Similar to Facebook, Google is a wildly popular platform. With interactive outlets like Google+, the platform has a large follower base – but not as large as that of Facebook. According to the Pew Research Center, Facebook has been the most solicited social media platform in 2017 and with this fame comes many benefits. With a higher follower base, Facebook can collect a huge bulk of data from subscribers through their biography, education, career, hobbies and additional sections in their personal profiles. Through this information, advertisers can tell which goods or services might appeal to different users. As a result, many people prefer to place their ads on Facebook because they feel that they will have better outreach in terms of their target demographic.
Time is money according to the time tested adage, but when it comes to Facebook, the more time a user spends on the platform, the more money the advertiser gets. Facebook Advertising is geared towards making users spend time on distractions like games. This is not the same with Google Adwords. Instead, Good Adwords cherishes relevance over monetary value. In many cases, Google Adwords even gives preference to relevance over ad dollars. This level of competition gives advertisers of all budgets an equal chance at making highly visible ads. In this light, the ads that are promoted through the unified auction model are those that appeal to the needs of those viewing them. Google Adwords particularly favors landing pages that are easy to access since this increases click probability. This platform is more sophisticated in determining relevance and therefore saving time. It is thus effective because the platform successfully matches keywords with relevant ads.
Facebook, in turn, receives many complaints about irrelevant ads and time consuming feeds. This is because Facebook is a pay for play enterprise, so those who pay more for their ads get more promotion benefits, like ads sometimes showing to irrelevant or random demographics. In addition, Facebook Advertising generates too much feed that is sometimes completely ignored by its users due to the multiple promotion options like pages and groups.
This strategy typically leads to lower click through rates (CTR) and conversions, especially in comparison to Google Adwords. The click through rate is simply determined by the number of visitors that click on the ad and are directed to the advertiser’s website. In other words, the more people that click the ad’s link, the more effective the marketing campaign. Google Adwords tends to have more success with this, as it takes the target audience’s interests into consideration, while Facebook Advertising can be irrelevant and overwhelming with its number of feeds. In terms of cost conversions, it is also very easy for Google Adwords users to track their total number of clicks.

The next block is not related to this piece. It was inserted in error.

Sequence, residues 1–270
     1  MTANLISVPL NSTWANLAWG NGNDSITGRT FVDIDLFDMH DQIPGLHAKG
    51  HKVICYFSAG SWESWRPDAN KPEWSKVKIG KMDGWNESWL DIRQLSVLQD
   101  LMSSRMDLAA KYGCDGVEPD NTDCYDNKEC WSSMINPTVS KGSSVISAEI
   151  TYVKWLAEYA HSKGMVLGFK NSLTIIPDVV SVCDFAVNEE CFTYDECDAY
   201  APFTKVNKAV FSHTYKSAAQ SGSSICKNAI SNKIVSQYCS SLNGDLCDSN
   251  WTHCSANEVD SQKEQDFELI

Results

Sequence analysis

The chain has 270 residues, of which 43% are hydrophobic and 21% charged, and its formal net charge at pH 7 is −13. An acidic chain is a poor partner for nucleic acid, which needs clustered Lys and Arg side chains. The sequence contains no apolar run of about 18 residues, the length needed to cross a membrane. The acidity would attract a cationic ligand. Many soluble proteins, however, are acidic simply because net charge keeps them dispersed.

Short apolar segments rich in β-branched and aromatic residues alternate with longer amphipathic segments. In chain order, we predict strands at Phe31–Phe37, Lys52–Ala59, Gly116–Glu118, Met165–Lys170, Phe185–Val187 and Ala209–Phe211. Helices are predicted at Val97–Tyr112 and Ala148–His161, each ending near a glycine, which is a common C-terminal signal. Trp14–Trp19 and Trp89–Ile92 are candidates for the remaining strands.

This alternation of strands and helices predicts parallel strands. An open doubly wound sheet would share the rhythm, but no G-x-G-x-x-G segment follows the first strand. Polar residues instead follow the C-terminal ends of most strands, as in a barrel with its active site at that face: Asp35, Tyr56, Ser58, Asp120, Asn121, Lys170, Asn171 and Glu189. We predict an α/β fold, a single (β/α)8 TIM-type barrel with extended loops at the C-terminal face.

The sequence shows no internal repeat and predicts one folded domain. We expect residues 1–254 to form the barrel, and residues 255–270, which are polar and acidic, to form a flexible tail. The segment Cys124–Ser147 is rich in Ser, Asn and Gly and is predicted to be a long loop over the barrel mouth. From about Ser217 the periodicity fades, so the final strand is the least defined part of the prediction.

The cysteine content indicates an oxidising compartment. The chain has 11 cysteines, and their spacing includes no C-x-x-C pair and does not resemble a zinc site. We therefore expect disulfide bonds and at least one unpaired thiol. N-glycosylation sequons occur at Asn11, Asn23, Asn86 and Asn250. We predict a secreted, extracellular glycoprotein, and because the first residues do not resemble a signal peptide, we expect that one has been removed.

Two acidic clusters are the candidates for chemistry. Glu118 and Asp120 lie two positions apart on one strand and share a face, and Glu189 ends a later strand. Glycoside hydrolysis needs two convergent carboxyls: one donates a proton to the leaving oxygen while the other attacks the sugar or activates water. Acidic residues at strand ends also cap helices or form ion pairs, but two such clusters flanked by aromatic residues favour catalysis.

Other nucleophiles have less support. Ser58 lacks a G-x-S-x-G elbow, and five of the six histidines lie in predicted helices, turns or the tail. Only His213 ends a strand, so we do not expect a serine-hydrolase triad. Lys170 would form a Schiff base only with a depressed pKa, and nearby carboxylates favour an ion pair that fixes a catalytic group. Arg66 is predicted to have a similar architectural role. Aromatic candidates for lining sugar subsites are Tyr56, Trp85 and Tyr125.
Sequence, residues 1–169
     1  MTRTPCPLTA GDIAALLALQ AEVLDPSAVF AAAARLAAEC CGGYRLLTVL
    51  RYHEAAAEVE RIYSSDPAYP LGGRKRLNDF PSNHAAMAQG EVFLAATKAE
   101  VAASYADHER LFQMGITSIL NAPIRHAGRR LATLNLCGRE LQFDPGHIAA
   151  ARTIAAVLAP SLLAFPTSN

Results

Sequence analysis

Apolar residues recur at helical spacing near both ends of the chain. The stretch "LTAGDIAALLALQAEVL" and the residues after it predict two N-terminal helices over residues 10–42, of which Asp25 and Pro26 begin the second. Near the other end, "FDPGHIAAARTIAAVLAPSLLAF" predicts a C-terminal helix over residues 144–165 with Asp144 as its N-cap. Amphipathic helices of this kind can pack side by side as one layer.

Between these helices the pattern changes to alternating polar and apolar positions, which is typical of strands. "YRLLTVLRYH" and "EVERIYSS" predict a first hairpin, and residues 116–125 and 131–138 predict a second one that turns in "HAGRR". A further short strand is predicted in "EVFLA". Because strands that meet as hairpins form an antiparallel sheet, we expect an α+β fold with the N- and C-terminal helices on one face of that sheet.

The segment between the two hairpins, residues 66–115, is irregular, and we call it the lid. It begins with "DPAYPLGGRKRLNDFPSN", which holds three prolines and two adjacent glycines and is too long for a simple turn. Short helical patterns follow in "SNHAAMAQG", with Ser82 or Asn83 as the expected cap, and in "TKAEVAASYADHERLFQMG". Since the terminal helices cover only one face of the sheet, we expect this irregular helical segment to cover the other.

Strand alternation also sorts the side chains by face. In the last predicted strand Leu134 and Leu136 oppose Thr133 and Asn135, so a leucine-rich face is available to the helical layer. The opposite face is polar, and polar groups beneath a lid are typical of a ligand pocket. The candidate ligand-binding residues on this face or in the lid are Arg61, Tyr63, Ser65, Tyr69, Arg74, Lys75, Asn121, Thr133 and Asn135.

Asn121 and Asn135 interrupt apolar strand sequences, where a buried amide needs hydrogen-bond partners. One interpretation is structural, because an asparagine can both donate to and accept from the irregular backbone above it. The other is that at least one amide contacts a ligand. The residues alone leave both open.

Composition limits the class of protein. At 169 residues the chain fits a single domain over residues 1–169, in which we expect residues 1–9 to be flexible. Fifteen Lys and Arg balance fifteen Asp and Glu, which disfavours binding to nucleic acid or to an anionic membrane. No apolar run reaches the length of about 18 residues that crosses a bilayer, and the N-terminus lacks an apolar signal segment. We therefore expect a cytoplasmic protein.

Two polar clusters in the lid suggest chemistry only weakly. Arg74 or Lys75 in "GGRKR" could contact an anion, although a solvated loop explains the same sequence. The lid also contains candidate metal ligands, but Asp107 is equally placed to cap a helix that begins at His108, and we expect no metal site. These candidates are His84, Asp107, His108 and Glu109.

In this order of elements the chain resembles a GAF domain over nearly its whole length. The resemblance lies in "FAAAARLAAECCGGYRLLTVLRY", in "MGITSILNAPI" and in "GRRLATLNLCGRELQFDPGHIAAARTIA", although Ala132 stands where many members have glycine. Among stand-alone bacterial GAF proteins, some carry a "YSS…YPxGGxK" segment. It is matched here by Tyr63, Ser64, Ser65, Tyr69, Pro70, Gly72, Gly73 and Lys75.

When comparing the platforms’ efficiency in terms of location, time, language, and mobile targeting, Google Adwords again comes out on top. While Facebook Advertising also provides these targeting features, Adwords offers more options. More specifically Google Adwords has over forty language options in its ad library. This ensures that ads will display in the correct language. Its geographical locations are just as accurate.
Although both Facebook Advertising and Google Adwords give statistics to advertisers on how well ads are doing, Google Adwords goes further and offers test runs. After the test run phase, users can refashion their ads in order to best appeal to their target demographic. This is the kind of personal touch that most advertisers seek and is why Adwords has an edge over Facebook Advertising in this dimension.
In addition to test runs, Google Adwords offers its advertisers the ability to re-target, which means it will show ads to people who have visited their website or used their mobile app. This is advantageous because people who have interacted with a brand or are visiting a website for the second time are more likely to pay for the product or service offered. It also encourages people who didn’t complete a purchase to return to the website and reconsider buying the product.
On the downside, since Google Adwords uses demand fulfillment advertising, it can be more costly and inefficient because marketing is done on the premise of existing demand. The ads will mostly target customers who are looking for the service or product in question, while Facebook Advertising forces people to want the product. Sometimes, people might not know what they are actually seeking until they find it. Google Adwords therefore becomes costly because advertisers might have to advertise over a period of time before getting the traffic they seek.
In terms of demographic, Facebook Advertising hits a roadblock because of its age appeal. Statistics have indicated that Facebook is popular amongst users between the ages of eighteen and twenty-nine. Many products and services relating to IT and technology will therefore be well received by this demographic, while other products and services, like medical supplements, might not appeal to them. Google Adwords on the other hand reaches a wider age range.
Overall, Facebook Advertising and Google Adwords each have their own strengths and weaknesses and apply to various types of users. Facebook advertising has multiple tiers, a huge bulk of user data, and inexpensive ad options; however, it has lower click-through and conversion rates and more irrelevant ad placement. Google Adwords is more focused on relevance over monetary value, is time efficient and has the ability to re-target, yet it has less data and can be more expensive in the long-run.
The Economist. “How Facebook became an Advertising Behemoth”. Retrieved 3/08/2017.
Thompson, Derek. “Facebook, Google, and the Economics of Time”. The Atlantic. Retrieved